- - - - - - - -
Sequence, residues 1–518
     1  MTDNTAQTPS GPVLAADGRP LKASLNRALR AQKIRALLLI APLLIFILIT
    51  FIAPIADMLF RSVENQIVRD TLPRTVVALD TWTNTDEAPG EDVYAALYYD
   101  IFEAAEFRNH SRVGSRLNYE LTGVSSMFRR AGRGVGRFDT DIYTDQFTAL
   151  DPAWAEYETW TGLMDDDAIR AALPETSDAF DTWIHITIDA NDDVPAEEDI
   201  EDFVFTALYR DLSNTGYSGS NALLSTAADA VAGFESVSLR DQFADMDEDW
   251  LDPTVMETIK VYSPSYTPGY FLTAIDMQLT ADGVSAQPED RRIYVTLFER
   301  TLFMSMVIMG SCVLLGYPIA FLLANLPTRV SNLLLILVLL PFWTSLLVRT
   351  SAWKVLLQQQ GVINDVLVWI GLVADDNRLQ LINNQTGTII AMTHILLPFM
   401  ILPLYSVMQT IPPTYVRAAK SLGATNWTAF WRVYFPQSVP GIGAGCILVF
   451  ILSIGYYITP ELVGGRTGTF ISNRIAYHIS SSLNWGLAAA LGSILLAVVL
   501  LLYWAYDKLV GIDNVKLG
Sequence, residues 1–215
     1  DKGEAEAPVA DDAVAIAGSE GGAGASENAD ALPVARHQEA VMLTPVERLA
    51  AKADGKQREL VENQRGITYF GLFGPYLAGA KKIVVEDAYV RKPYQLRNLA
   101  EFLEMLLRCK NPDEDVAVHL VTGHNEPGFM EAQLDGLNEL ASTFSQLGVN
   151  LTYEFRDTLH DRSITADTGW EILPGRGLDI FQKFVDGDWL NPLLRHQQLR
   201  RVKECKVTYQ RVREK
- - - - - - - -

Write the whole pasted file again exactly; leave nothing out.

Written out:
Sequence, residues 1–518
     1  MTDNTAQTPS GPVLAADGRP LKASLNRALR AQKIRALLLI APLLIFILIT
    51  FIAPIADMLF RSVENQIVRD TLPRTVVALD TWTNTDEAPG EDVYAALYYD
   101  IFEAAEFRNH SRVGSRLNYE LTGVSSMFRR AGRGVGRFDT DIYTDQFTAL
   151  DPAWAEYETW TGLMDDDAIR AALPETSDAF DTWIHITIDA NDDVPAEEDI
   201  EDFVFTALYR DLSNTGYSGS NALLSTAADA VAGFESVSLR DQFADMDEDW
   251  LDPTVMETIK VYSPSYTPGY FLTAIDMQLT ADGVSAQPED RRIYVTLFER
   301  TLFMSMVIMG SCVLLGYPIA FLLANLPTRV SNLLLILVLL PFWTSLLVRT
   351  SAWKVLLQQQ GVINDVLVWI GLVADDNRLQ LINNQTGTII AMTHILLPFM
   401  ILPLYSVMQT IPPTYVRAAK SLGATNWTAF WRVYFPQSVP GIGAGCILVF
   451  ILSIGYYITP ELVGGRTGTF ISNRIAYHIS SSLNWGLAAA LGSILLAVVL
   501  LLYWAYDKLV GIDNVKLG
Sequence, residues 1–215
     1  DKGEAEAPVA DDAVAIAGSE GGAGASENAD ALPVARHQEA VMLTPVERLA
    51  AKADGKQREL VENQRGITYF GLFGPYLAGA KKIVVEDAYV RKPYQLRNLA
   101  EFLEMLLRCK NPDEDVAVHL VTGHNEPGFM EAQLDGLNEL ASTFSQLGVN
   151  LTYEFRDTLH DRSITADTGW EILPGRGLDI FQKFVDGDWL NPLLRHQQLR
   201  RVKECKVTYQ RVREK